Update: The Charlotte City Council voted 7-2 Wednesday morning to scrap their entire nondiscrimination ordinance, setting up the General Assembly to follow thru in its special session and repeal #HB2.
Members of the state legislature return to Raleigh today for a fifth special session – this one geared at repealing House Bill 2. The state law, signed by Gov. Pat McCrory in March, bans transgender people from using the restroom of their choice and prohibits local municipalities from extending nondiscrimination protections to LGBT people.
Media reports overnight indicate a deal to fully repeal HB2 may be in jeopardy as some state lawmakers now say the Charlotte City Council didn’t go far enough in a vote to repeal its non-discrimination ordinance Monday.
The Charlotte Observer’s Jim Morrill explains:
Council members did remove the part of its ordinance that dealt with public accommodations, prohibiting business such as stores and restaurants from discriminating against people based on categories such as race and religion – and also sexual orientation and gender identity. That part of the ordinance included the provision that related to transgender people being allowed to use the bathroom that matches their gender identity.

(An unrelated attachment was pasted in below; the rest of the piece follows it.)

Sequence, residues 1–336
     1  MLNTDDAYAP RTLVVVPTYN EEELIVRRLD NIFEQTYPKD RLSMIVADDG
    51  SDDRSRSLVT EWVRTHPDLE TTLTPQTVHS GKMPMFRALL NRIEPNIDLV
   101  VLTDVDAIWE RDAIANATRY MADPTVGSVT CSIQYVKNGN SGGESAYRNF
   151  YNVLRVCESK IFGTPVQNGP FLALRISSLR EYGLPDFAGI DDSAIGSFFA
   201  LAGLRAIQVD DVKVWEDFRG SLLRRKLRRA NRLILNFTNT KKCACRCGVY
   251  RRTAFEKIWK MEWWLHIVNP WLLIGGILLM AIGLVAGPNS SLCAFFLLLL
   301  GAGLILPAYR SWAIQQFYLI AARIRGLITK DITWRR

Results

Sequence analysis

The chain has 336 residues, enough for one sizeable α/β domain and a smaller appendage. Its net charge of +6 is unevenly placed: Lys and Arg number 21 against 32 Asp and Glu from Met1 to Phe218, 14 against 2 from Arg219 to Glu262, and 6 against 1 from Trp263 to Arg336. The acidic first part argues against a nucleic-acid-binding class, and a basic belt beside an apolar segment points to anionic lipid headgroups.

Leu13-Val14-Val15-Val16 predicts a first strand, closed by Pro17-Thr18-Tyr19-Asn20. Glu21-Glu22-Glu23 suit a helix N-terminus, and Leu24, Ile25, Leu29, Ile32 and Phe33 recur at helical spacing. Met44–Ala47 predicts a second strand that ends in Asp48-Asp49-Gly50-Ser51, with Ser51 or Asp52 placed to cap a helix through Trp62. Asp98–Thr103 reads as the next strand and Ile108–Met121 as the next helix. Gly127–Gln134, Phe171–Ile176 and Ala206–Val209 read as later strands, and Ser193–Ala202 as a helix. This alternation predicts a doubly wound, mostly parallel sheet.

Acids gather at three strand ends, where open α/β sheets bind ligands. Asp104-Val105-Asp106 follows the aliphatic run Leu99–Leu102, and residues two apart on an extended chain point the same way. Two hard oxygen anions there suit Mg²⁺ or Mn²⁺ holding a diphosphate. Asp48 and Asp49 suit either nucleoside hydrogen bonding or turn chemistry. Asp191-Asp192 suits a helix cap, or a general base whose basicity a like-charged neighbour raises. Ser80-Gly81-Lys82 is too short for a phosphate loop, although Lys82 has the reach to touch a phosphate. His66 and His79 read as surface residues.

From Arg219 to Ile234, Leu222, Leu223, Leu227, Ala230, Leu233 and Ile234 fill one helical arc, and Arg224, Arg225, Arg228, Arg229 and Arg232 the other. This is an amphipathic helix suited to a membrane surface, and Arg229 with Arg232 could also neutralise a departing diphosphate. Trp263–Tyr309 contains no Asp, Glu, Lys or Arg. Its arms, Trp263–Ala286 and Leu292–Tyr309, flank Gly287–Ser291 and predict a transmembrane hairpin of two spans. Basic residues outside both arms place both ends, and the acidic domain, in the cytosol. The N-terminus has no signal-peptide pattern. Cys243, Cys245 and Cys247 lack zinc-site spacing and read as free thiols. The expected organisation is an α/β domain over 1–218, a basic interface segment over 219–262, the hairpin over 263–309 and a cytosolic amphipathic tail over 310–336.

The council left some parts of the ordinance intact. The city’s ordinance still prohibits the city from hiring contractors who have been found to discriminate against a subcontractor because of an employee’s race or religion – as well as because of sexual orientation or gender identity.
That may be a sticking point for some conservative lawmakers during this special session.
At the same time, the ACLU of North Carolina and Lambda Legal, who are challenging the law in federal court, want more than just HB2’s repeal:
“LGBT rights aren’t a bargaining chip. Charlotte shouldn’t have had to repeal its ordinance in exchange for H.B. 2 to be repealed,” said Simone Bell, the Southern Regional Director for Lambda Legal. “LGBT people in North Carolina still need protection from discrimination. The right action is for the North Carolina Legislature to pass a statewide comprehensive civil rights bill that includes full protections for LGBT people.”
It’s unclear whether HB2 opponents will argue for such protections during this special session, or wait until January when lawmakers are back for the long session.
The House and Senate convene this morning at 10:00 a.m.
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